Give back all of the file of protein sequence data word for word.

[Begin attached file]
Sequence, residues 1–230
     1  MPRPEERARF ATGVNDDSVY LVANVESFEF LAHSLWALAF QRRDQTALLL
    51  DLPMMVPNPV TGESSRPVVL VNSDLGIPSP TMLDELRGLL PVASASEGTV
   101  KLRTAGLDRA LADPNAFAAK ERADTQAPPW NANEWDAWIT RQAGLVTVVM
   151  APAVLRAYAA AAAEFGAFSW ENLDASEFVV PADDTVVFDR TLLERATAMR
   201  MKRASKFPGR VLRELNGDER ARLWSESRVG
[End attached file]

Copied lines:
Sequence, residues 1–230
     1  MPRPEERARF ATGVNDDSVY LVANVESFEF LAHSLWALAF QRRDQTALLL
    51  DLPMMVPNPV TGESSRPVVL VNSDLGIPSP TMLDELRGLL PVASASEGTV
   101  KLRTAGLDRA LADPNAFAAK ERADTQAPPW NANEWDAWIT RQAGLVTVVM
   151  APAVLRAYAA AAAEFGAFSW ENLDASEFVV PADDTVVFDR TLLERATAMR
   201  MKRASKFPGR VLRELNGDER ARLWSESRVG